UNESCO cuts funds for Palestinian magazine
JERUSALEM (AP) — The U.N.'s cultural agency said Friday it is pulling funding for a Palestinian youth magazine that published an article suggesting admiration for Hitler.
The magazine, Zayzafouna, published an article in February written by a teenage girl who presented four role models: a medieval Persian mathematician, a modern Egyptian novelist, the Muslim warrior Saladin, and the Nazi leader.
UNESCO said in a statement it "strongly deplores and condemns" the "unacceptable" material and would cease funding the magazine. UNESCO also said it funded three different issues later in 2011, and not the one in question.
The magazine also receives funding from the Palestinian Authority, the Western-backed Palestinian government in the West Bank.
In the article, the author has Hitler telling her in a dream that he killed Jews "so you would all know that they are a nation which spreads destruction all over the world." He advises her to be "resilient and patient concerning the suffering that Palestine is experiencing at their hands."
"Thanks for the advice," the narrator replies.
A translation was made public by Palestinian Media Watch, an Israeli organization that tracks incitement in Palestinian media.
The magazine's director, Shareef Samhan, did not dispute the translation, though he said the girl was "accusing" Hitler and not praising him. He said he had not been aware of the text and noted that UNESCO was not a central backer of the magazine.
He defended the publication. "We depend in the content of our magazine on the participation of school students, and it's not our job to prohibit the freedom of speech," he said.
The publication sparked a written protest by the Simon Wiesenthal Center, a U.S.-based Jewish group, to UNESCO, and that protest appears to have triggered the U.N. agency's decision and public statement.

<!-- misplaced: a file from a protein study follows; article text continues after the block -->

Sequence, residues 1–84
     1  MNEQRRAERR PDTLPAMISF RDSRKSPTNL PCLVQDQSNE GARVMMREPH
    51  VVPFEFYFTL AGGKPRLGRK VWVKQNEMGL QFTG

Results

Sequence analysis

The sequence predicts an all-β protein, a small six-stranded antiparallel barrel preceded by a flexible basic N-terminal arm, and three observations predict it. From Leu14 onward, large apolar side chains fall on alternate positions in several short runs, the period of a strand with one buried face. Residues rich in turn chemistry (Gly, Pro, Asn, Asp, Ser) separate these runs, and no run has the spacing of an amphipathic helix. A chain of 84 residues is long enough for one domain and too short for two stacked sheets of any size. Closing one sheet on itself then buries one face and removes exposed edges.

"UNESCO strongly deplores and condemns the reproduction of such inflammatory statements in a magazine associated with UNESCO's name and mission and will not provide any further support to the publication in question," read the statement issued from the agency's Paris headquarters.
The statement also said UNESCO "is deeply committed to the development and promotion of education about the Holocaust."
A spokesman for the Palestinian Authority, Ghassan Khatib, said the article was "not acceptable."
"We educate young people in our textbooks about the Holocaust and the massacres of Hitler against Jews and against others, and we refer to these massacres as crimes against humanity," Khatib said. "This instance is exceptional, and the editor will try to be more careful in the future."
A U.S. group, the American Gathering of Jewish Holocaust Survivors and Their Descendants, released a statement praising UNESCO's decision.
"As victims of the horrors of Nazi brutality, we learned with deep shock that a Palestinian children's magazine could approvingly speak of Hitler's extermination of Jews as an example to be emulated. This was monstrous and grotesque," the group said.
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Jenny Barchfield contributed to this story from Paris, and Dalia Nammari from Jerusalem.